Janice Gross Stein, The Cult of Efficiency
Toronto: House of Anansi Press Limited, 2001
When we define efficiency as an end, divorced from its larger purpose, it becomes nothing less than a cult.
A cult is a system of religious worship that engenders almost blind loyalty in its members. Its mystical rites and ceremonies foster in its devotees a sense of belonging and a reverence for core beliefs. Cult members reinforce these beliefs through the incantation of central dogmas. And as the ad for the wired kitchen demonstrates, the invocation of efficiency has approached cult status in our post-industrial age.
The concept of efficiency has had widely different meanings in different historical periods. It has often been used in explicitly pursuit of political purposes: a technical discussion of efficiency and public goods – allegedly the concern of professional economists – is almost always embedded in a larger political agenda. Whether it was the pursuit of virtue in ancient times, or the creation of a merit-based administration at the turn of the past century, or a frontal attack on the bureaucratic state and a turn to markets, as it frequently is today, efficiency has served as a rallying cry for larger political purposes. The allegedly technical concept of efficiency has been politically charged in every age. Our age is no exception.
When efficiency is a cult among political leaders, when cost-containment and cost cutting are political ends, it constrains the way public markets work. This is not what advocates of public markets expected. More to the point, health-care buyers and providers need to cooperate with one another as much as they need to compete. Competition, the bedrock of the argument for public markets, can take us only so far.
In public education, the story is different. When structures were changed and public markets were created through school choice, charter schools were often not subject to the same rigorous standards as schools within the regular public system. Ironically, the public market in education has created a two-tier system of accountability.
The problem goes even deeper. Even if competition could be heightened in public health-care markets, and even if all schools in the public system were tested in exactly the same way, citizens would still need to know what health-care providers and educators are accountable for. What is it that we expect from those who buy healthcare on our behalf, and from those who deliver it to us? What is it that we expect from those who provide education to our children? These are hard questions that go to our basic values, values that touch on how we think about ourselves and our societies. The what of accountability matters, and it is the first essential that must be in place before we can even begin to talk about how we wish to hold our governments, our buyers and our providers accountable in public markets.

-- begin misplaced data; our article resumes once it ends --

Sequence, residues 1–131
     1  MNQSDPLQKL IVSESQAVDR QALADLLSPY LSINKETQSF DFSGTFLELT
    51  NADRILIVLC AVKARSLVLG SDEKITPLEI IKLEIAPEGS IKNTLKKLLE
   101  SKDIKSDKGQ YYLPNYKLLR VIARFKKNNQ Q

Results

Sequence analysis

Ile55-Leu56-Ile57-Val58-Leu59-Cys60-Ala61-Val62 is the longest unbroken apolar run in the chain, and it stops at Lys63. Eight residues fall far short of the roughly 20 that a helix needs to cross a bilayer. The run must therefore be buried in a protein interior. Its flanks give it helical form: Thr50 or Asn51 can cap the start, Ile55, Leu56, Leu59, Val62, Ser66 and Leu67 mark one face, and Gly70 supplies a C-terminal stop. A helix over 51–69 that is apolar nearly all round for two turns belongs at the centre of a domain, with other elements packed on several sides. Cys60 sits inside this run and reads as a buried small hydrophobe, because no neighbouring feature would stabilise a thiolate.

“Efficiency Tests,” argued one specialist, “tend to drive out less efficient tests, leaving many important abilities untested – and untaught.”
Choosing the most easily graded test – the efficient test – is a concept of efficiency that badly diminishes the educational system. If we try in the name of efficiency, or even of accountability, to use just a single measure, we create an impoverished set of incentives in our public system of education, as system that is the outward manifestation of our deepest dreams of citizenship and society. Our values and our common sense tell us that a broad array of qualitative and quantitative measures will better capture whether students have the kinds of knowledge they will need to be engaged and committed citizens, as well as productive members of society.
We ignore efficiency at our peril. Efficiency, properly understood, is a means, not an end; a process, not a value. It is a vital tool to achieve other public goals and goods. If we are to provide the highest-quality public goods that reflect our civic values, we have no choice but to become efficient in the process. Public conversation about efficiency must move from cult to analysis, from end to means, from value to process.
Beyond the cult is a legitimate and important discussion of efficiency as cost-effectiveness in the delivery of public goods. What distinguishes the legitimate conversation form the cult is a serious and deep discussion of purpose: at what do we want to be effective? Whether this purpose is itself a route to a larger end – whether a civic education is a step toward a civic democracy or universal health care is part of a society that values fairness – does not materially affect the argument. Without discussion of purpose, effectiveness makes no sense, and without discussion of effectiveness, efficiency is stripped of its analytic power and becomes a cult.